Fully Booked VA Blog

2015 Freelance Business Goals (a Review)

I’m a goal setting nerd.

Can’t get enough frankly.

But I almost always follow through.

In fact, one of the best compliments I’ve ever received was from my friend Shannon.

She said something like this:

“Gina, you’re the only person I know that says she’s going to do something and then does it. You said you were going to run a marathon and you ran one. You said you were going to quit your job and you did it.”

Thanks girl! It’s stuck with me this whole year.

And I had some audacious goals for 2015. Here’s a recap of the three main goals I set for myself (and my freelance business) this year AND how I fared.

1. Replace My Current Salary

At my previous day job, I was making about $76,000 per year before I left. As a 30-year old (I’m now 31), that’s nothing to laugh at. It supported our little family of four and was predictable. I just didn’t really like the work anymore.

So obviously it was my goal to replace my income as quickly as possible after turning in my notice and leaving work behind. And I did. In fact, I was able to replace my salary within the first three months of going full-time.

Having those two little and one big mouth to feed provided a strong why for my business and its growth. Without one, it’s all too easy to lose motivation.

Action step: Figure out your “why” for building your freelance business and write it down. Reflect on it often.

2. Payoff Our Second Mortgage

2ndMortgagePayoffOur big goal in 2014 was to get our second mortgage balance under $30k. We ended that year at $29,830.

It was my huge goal then in 2015 to pay the sucker off. By doing so, we’d be “debt-free” (minus the first mortgage of course).

I’m happy to say I was able to walk into the bank a couple of months ago and write the final check. And it FELT AMAZING!

The debt was a combination of living above our means in the past, home repairs (i.e. a new roof and bathroom), refinancing older debt (autos and credit card debt from our 2005 wedding), etc.

Suffice it to say, it was more than just writing a check.

Action step: If you want to gear up to freelance full-time, try and pay down as much debt as possible. The less you have in monthly payments, the easier it is to generate enough income to pay the bills.

3. Save Enough to Purchase a Used RV in Cash

Okay, so this is the only goal out of the three that was a big fat fail. But let me explain – our plans have changed a bit.

We wanted to go on a month-long RV adventure in June of 2015. But goal #2 (paying off the second mortgage) was the more financially responsible one to achieve, so we postponed it to June of 2016.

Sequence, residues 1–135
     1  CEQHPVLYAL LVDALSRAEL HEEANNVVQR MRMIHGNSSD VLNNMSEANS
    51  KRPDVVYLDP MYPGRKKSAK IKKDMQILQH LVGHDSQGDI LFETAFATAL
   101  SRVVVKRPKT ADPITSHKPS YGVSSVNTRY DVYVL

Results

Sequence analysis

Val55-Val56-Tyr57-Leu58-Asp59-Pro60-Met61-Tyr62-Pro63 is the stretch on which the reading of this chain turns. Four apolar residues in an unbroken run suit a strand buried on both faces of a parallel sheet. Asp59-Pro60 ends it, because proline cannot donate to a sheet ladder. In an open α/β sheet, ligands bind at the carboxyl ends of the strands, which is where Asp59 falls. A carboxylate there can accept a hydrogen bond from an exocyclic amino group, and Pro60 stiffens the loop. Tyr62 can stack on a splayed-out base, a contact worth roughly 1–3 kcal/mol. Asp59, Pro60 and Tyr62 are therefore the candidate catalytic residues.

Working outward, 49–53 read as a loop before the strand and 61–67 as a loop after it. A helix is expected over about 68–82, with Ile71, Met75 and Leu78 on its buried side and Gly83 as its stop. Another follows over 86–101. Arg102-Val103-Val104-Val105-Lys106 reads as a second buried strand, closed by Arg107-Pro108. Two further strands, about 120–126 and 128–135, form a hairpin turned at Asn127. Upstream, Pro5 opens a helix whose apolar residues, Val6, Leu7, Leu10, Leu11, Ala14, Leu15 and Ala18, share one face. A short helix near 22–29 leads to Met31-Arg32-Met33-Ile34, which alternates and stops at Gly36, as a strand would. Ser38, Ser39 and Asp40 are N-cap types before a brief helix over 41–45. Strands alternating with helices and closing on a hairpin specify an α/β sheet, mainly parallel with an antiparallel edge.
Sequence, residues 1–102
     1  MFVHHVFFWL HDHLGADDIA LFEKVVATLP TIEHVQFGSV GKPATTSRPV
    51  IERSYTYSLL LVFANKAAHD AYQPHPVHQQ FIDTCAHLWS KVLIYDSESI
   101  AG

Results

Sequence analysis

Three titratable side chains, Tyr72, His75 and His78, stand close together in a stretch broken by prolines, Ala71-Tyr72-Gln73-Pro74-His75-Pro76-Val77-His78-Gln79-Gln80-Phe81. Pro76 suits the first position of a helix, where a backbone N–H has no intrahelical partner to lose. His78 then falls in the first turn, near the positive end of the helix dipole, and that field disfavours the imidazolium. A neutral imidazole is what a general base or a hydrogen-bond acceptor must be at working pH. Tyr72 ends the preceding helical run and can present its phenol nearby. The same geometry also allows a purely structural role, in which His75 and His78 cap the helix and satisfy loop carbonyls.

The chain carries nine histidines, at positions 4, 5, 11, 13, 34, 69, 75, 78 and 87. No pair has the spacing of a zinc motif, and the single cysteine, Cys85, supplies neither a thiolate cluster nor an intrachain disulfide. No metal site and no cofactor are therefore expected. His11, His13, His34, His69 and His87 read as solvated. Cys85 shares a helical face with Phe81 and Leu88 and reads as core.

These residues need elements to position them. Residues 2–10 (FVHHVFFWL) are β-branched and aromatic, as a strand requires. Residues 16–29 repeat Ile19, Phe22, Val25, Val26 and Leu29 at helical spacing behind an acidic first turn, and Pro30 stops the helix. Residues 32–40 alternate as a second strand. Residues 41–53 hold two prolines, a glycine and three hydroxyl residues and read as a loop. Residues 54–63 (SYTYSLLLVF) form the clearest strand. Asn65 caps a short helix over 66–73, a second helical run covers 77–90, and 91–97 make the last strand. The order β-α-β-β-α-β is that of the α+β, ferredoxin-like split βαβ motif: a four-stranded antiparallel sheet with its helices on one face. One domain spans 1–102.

And then we bought land.

Wade has been looking for a plot of land “up north” (you know, because Minnesota isn’t north enough…) for YEARS. My parents have a cabin where I’ve been going since I was eight.

And Wade happened to find two acres of land for a more than reasonable price that had lake access on the very same lake my folks cabin is off of (just on the other side).

So we bought it.

The taxes are much less than they would be if we were on the actual lake, there’s this fantastic, flat beach that we’re going to enjoy the heck out of and we’re close to my parents. No-brainer, right?

But now we have another debt. Wah, wah. At least it’s attached to something specific and positive though. And we need another goal for 2016, right? LOL!

And the silver lining, is that we’re about to embark on a month-long journey to Texas next month. Although we won’t be road tripping in an RV, we will be taking my 2007 Equinox a few thousand miles!

Action step: Set competing goals, but don’t be afraid to change them as your life changes. 

Stretch Goal: Gross $10,000 per Month by Year-end

Grossing $10,000 by year-end felt like such a stretch when 2015 began. I was dreaming big and honestly not planning on hitting it.

Well, July was the first month that I grossed more than $10k, and I’ve done it every month except one since then. Crazy, right?

Full disclosure, my expenses have also gone up a ton. But I’ve used money that I generated from my business to reinvest in it and so far it’s paid off. #BootstrapperAtHeart!

Action step: Set a stretch goal. Even if you don’t meet it, if you come close, that’s more than a win.

“Shoot for the moon and you just might hit the stars!”

How did you fare on your own 2015 goals? Have you started planning for 2016 yet?

Photo credit: Annie Spratt via Unsplash

Gina Horkey

Gina Horkey


Gina Horkey is a married, millennial mama from Minnesota. Additionally, she’s the founder of Horkey HandBook and loves helping others find or become a kickass virtual assistant. Gina’s background includes making a living as a professional writer, an online business marketing consultant and a decade of experience in the financial services industry.

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